World and Nation

Illegal immigrants who drive risk more than a ticket

LAWRENCEVILLE, Ga. — It was just another suburban fender-bender. A car zoomed into an intersection and braked too late to stop at a red light.

But for Felipa Leonor Valencia, the Mexican woman who was driving the Jeep that was hit that day in March, the damage went far beyond a battered bumper. The crash led Valencia, an illegal immigrant who did not have a valid driver’s license, to deportation proceedings — after 17 years of living in Georgia.

Like Valencia, an estimated 4.5 million illegal immigrants nationwide are driving regularly, most without licenses, according to an analysis by The New York Times. Only three states — New Mexico, Utah and Washington — currently issue licenses without proof of legal residence in the United States.

Many states have adopted tough new laws to prevent illegal immigrants from driving, while expanding immigration enforcement by the state and local police. As a result, at least 30,000 illegal immigrants who were stopped for common traffic violations in the last three years have ended up in deportation, Department of Homeland Security figures show. The numbers are rapidly increasing, aggravating tensions in the national debate over immigration.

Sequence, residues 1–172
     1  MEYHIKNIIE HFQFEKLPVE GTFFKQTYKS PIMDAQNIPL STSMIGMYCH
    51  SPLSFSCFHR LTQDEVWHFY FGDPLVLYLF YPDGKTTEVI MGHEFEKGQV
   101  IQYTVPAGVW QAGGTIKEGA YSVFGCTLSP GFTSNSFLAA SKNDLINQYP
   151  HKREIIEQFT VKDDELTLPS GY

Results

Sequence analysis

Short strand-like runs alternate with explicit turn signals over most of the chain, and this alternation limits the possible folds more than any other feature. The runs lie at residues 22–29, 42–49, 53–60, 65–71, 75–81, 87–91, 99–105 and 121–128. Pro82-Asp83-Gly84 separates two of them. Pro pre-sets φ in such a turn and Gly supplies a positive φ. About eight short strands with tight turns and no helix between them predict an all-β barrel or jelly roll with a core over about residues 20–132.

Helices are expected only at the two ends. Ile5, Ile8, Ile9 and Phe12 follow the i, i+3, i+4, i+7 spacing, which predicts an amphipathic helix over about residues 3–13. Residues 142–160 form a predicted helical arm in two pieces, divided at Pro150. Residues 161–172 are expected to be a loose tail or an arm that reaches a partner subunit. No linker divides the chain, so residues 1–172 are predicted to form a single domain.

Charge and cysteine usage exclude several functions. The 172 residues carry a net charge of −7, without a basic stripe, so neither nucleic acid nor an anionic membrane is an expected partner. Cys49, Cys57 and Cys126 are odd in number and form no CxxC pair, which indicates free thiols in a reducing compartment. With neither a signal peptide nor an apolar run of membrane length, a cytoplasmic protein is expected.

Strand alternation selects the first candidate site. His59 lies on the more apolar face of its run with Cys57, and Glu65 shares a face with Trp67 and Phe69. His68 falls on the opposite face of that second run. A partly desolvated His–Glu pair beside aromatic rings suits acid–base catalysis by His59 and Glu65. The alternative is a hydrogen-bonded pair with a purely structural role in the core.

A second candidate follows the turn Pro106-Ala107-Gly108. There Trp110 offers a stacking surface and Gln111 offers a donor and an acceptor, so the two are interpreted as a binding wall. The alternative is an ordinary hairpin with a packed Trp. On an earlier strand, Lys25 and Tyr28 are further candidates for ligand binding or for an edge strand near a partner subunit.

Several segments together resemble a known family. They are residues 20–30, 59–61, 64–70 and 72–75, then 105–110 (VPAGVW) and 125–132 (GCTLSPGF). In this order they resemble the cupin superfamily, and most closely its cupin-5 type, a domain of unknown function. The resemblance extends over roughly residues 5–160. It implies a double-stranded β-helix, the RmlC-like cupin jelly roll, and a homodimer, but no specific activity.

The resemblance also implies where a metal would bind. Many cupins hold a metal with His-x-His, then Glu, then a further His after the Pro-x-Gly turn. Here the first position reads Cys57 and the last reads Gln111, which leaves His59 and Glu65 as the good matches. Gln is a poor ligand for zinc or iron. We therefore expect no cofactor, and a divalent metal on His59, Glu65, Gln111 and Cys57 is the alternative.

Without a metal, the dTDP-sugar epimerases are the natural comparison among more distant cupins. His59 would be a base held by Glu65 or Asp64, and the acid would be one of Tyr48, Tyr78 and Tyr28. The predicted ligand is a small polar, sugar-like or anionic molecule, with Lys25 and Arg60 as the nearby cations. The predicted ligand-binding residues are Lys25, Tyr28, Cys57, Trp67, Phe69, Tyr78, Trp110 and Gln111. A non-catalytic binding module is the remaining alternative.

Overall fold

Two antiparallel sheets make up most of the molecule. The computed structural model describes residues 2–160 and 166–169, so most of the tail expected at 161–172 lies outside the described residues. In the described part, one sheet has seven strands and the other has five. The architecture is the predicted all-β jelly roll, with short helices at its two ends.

In Georgia, voters have been worried about unlicensed illegal immigrants whose driving skills are untested and who often lack insurance, including some who caused well-publicized accidents. Lawmakershave tightened requirements to keep illegal immigrants from obtaining licenses and license plates, and have increased penalties for driving without them.

Many Georgia counties have begun to cooperate formally with the Department of Homeland Security, so that illegal immigrants detained by the local police are turned over more consistently to federal immigration authorities.